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Busting condensation

One of the biggest problems in the winter is condensation. Days are shorter, it gets colder outside and the first droplets of condensation appear on window seals.

Condensation happens when warm moist air comes into contact with cold surfaces. If left unattended condensation is a health hazard and can damage your property, so taking the right steps is essential to fight it back.

Problem No 1 – Less ventilation

When it gets cold we naturally open less windows and moist air is trapped for longer. Moisture is not circulating and eventually deposits itself in windows, dark corners or poorly insulated walls. Another problem is excessive production of water vapour, such in kitchens and bathrooms or when wet clothes are left to dry inside the house.

The Solution

Prevention is always better than cure! If drying your laundry outside is not an option, take it to the bathroom or other place where a window can be opened to let moist air out. Avoid drying clothes on radiators and keep lids on pans when cooking. Close doors when cooking or taking a shower to stop moist air travelling into other rooms and, if possible, open a window for 20 minutes afterwards to let some of the steam out. Finally, avoid placing to much furniture over a cold wall as it prevents air from circulating.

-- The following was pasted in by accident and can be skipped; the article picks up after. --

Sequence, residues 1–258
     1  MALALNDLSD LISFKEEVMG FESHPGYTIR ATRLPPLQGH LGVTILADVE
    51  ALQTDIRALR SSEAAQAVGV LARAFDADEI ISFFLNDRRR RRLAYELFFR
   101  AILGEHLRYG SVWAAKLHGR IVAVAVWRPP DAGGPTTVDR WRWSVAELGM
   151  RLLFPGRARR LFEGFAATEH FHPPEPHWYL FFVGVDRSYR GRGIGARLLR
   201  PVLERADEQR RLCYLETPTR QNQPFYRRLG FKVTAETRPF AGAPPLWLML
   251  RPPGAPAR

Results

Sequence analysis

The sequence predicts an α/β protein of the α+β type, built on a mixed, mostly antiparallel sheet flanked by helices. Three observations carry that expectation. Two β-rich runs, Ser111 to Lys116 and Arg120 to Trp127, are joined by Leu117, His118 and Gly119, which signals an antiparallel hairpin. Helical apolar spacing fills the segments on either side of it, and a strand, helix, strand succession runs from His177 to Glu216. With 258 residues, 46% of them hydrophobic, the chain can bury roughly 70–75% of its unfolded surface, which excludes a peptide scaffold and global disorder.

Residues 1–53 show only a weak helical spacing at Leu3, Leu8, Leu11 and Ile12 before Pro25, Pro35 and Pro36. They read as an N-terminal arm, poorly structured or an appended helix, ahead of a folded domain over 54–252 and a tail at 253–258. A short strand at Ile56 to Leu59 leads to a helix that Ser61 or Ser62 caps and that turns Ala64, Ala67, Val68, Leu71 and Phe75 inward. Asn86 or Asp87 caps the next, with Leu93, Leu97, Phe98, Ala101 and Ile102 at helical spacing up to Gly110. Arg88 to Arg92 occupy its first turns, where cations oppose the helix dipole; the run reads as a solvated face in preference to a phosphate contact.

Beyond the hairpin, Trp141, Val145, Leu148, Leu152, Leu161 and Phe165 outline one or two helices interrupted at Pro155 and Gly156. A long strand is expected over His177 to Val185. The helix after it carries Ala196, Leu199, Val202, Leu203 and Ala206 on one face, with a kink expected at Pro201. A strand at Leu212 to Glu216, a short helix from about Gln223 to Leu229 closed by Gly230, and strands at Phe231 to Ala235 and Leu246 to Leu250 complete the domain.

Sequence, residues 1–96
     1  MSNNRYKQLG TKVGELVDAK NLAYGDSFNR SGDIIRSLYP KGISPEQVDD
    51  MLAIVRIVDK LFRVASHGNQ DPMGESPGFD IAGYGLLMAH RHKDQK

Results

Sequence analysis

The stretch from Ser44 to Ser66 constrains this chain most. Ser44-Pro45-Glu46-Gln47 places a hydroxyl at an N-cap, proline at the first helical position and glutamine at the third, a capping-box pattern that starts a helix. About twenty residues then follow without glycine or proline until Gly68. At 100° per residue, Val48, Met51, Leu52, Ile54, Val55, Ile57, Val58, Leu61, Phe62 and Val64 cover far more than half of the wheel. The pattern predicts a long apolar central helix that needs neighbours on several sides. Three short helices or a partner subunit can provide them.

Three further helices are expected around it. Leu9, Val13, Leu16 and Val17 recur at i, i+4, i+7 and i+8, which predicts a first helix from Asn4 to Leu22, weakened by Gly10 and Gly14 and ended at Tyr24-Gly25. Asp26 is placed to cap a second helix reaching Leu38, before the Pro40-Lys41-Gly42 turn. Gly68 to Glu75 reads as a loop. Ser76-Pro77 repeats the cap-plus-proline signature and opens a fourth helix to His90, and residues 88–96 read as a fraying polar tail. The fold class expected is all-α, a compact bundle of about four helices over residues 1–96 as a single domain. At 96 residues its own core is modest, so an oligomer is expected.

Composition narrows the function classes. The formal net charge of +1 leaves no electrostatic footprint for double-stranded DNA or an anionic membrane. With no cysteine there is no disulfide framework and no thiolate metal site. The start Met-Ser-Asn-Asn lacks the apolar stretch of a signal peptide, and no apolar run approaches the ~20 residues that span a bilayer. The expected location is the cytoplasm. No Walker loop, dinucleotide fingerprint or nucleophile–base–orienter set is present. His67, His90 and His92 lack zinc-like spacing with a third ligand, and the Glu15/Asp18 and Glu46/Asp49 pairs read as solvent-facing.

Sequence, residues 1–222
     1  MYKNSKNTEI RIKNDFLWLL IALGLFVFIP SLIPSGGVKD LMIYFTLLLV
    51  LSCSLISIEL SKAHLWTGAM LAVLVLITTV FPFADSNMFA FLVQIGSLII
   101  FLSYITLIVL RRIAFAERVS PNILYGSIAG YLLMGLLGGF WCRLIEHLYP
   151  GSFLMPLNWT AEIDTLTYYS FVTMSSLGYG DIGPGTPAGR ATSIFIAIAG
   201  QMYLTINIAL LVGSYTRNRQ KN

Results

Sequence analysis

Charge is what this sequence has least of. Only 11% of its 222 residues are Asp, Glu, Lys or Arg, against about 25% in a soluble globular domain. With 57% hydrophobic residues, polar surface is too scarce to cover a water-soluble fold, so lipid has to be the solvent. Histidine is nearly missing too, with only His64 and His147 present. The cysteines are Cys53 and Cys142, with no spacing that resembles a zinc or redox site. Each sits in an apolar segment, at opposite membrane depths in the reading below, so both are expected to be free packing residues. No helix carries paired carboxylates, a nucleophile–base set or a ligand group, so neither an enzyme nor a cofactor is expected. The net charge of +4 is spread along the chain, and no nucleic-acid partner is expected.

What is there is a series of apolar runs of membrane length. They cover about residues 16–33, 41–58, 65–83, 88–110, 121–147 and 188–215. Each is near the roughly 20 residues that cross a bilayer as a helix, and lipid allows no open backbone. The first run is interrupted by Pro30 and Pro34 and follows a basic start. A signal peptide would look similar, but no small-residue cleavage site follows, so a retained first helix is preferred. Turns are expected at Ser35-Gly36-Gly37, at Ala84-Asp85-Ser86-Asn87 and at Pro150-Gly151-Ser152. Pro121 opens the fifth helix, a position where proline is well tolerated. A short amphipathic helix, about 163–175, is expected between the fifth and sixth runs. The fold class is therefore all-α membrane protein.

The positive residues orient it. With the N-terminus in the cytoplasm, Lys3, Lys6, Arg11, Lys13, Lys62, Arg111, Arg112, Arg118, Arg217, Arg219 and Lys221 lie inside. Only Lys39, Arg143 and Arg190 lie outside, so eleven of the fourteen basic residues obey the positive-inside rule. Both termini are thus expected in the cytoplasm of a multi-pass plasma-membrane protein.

Having several moisture traps around the house can be very effective, particularly in enclosed places such us cupboards and wardrobes. These now come in several sizes, formats and aromas. Electric dehumidifiers can extract an even higher amount of water in the air, using an assisted fan that pulls in air. Click here to see some of the products we offer in this range.

Finally, you could consider adding some structural ventilation to the fabric of your house, which can take the form of airbricks, window trickle vents or mechanical fans. These direct moist air outside the property and can proof very efficient to run.

Problem No 2 – Poor insulation

This is a particular problem with older properties that are poorly insulated or don’t have double-glazed windows. Walls and windows get colder quicker and can hardly retain the internal heat, resulting in condensation.

The Solution

As before, ventilation can make a huge difference. However, for a longer-term solution you should consider upgrading the insulation in your home, which will allow for a more consistent temperature inside the house and avoid cold pockets. Certain households are eligible for energy saving improvements or additional insulation. Contact your energy supplier or the Energy Saving Advice Service. If you don’t already have double-glazing, consider the upgrade. Double glazed windows stay warm much longer.

Useful links

- Government guidelines on energy saving grants

- How to deal with mould

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